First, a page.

The ludicrous battle over holiday displays at the Washington State Capitol reflects current confusion over coexistence of the nation's Christian heritage and its Constitutional restrictions on religious establishment. The Olympia idiocy also highlights the radical nature of social changes regularly demanded by secularist and separationist militants.
The controversy began when The Department of General Administration (which administers the Capitol grounds) granted permission for private citizens to display a nativity scene and a Hanukkah menorah in a relatively obscure passageway of the third story of the Capitol Building. The "Freedom from Religion Foundation" responded with a notorious, officially approved and nationally publicized sign praising atheism and decrying religion for "enslaving minds and hardening hearts." Subsequent applications poured in for a Buddhist display, a secular Jewish banner, a mannequin of a saint holding a Merry Christmas greeting to atheists, an aluminum pole to celebrate the Seinfeld-invented holiday of Festivus, and a "Flying Spaghetti Monster Holiday Display." The most explosive proposal arrived from Topeka, Kansas, courtesy of the militant Westboro Baptist Church, demanding a large sign with a poem proclaiming that "Santa Claus Will Take You to Hell" and condemning the Jolly Old Elf as the source of the nation's moral and economic breakdown.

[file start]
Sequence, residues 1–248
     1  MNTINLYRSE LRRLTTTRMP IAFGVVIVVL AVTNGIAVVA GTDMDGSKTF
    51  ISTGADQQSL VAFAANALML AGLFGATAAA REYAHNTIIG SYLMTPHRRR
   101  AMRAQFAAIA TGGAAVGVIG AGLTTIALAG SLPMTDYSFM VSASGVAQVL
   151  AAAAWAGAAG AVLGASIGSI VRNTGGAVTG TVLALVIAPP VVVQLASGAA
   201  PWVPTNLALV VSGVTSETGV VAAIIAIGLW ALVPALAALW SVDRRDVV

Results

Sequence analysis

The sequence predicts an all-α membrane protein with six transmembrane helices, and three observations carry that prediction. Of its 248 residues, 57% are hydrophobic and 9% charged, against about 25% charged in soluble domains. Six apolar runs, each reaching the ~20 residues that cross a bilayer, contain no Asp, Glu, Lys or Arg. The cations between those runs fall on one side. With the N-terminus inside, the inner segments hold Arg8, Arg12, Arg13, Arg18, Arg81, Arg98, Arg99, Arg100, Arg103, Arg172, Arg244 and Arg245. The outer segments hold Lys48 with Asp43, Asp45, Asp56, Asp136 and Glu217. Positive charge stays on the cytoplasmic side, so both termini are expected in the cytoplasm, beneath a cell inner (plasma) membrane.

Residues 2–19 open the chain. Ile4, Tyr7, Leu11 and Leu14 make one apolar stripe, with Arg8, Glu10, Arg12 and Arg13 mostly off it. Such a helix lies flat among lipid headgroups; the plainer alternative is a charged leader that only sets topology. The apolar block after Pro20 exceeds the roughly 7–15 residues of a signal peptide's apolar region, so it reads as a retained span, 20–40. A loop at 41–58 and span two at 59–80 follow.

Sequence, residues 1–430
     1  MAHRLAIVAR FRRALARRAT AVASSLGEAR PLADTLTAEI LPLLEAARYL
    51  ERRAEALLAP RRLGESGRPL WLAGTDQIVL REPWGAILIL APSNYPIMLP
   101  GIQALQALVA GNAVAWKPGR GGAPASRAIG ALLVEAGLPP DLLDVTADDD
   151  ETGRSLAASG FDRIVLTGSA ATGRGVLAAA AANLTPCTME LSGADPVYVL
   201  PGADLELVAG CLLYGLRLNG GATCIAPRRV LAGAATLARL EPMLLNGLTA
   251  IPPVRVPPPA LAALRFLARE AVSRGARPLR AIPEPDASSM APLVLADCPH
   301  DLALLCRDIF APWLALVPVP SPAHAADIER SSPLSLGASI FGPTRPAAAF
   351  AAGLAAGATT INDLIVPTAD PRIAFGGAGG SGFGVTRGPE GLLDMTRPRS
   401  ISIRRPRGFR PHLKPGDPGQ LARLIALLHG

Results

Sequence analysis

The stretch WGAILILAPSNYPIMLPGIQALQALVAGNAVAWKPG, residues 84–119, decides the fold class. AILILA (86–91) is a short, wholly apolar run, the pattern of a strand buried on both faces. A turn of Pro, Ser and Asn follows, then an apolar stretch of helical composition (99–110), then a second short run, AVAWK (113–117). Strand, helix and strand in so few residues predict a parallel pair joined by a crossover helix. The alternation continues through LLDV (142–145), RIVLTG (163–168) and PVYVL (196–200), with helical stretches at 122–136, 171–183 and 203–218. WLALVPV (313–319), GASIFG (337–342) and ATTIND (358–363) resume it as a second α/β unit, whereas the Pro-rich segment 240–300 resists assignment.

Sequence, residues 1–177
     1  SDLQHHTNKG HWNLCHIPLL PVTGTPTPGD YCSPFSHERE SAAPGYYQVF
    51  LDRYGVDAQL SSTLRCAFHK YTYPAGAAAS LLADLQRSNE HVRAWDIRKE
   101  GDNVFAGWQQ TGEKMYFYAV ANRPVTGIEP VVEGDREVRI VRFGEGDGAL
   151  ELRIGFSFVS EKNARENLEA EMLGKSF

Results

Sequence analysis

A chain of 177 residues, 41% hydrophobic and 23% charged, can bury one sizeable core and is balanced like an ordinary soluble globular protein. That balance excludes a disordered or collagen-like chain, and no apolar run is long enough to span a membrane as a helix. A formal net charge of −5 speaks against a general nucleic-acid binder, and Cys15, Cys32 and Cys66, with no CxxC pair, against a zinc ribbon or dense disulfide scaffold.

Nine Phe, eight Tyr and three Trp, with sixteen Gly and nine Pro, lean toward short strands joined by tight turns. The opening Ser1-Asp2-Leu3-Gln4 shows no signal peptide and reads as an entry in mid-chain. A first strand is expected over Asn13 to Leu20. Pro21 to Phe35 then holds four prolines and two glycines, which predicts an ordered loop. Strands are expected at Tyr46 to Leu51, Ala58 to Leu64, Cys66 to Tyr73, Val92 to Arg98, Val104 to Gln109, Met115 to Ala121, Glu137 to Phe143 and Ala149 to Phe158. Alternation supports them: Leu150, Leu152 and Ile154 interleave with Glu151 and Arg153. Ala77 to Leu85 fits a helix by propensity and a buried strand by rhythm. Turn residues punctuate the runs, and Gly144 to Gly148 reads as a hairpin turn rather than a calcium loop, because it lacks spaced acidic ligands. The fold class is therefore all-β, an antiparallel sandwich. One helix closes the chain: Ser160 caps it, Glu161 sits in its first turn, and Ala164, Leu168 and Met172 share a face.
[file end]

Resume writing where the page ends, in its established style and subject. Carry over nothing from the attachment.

Overwhelmed with the number of applications and embarrassed by the unwanted media controversy, the Department of General Administration declared a "moratorium" on new holiday displays but allowed the already permitted items (including the Menorah scheduled for installation on the first day of Hanukkah, December 21st) to proceed as planned.
To those who object to any expression of religious sentiment or symbolism on public property, the Washington wackiness suggested the inevitable result of even the most trivial and well-meaning breach in the "wall of separation" between faith and state. According to this reasoning, once you've permitted a nativity scene, there's no reasonable basis for resisting the Flying Spaghetti Monster Holiday Display.
This argument ignores the lessons of 200 years of national tradition and settled constitutional interpretation. Those who believe that Christmas symbols and Festivus poles equally challenge the First Amendment establishment clause unthinkingly accept some of the pernicious and prevalent distortions of ignorant political correctness.
My new bestselling book "The 10 Big Lies About America" highlights the distortions behind separationist dogma under the heading of Big Lie Number Three: "The Founders Intended a Secular, Not Christian, Nation."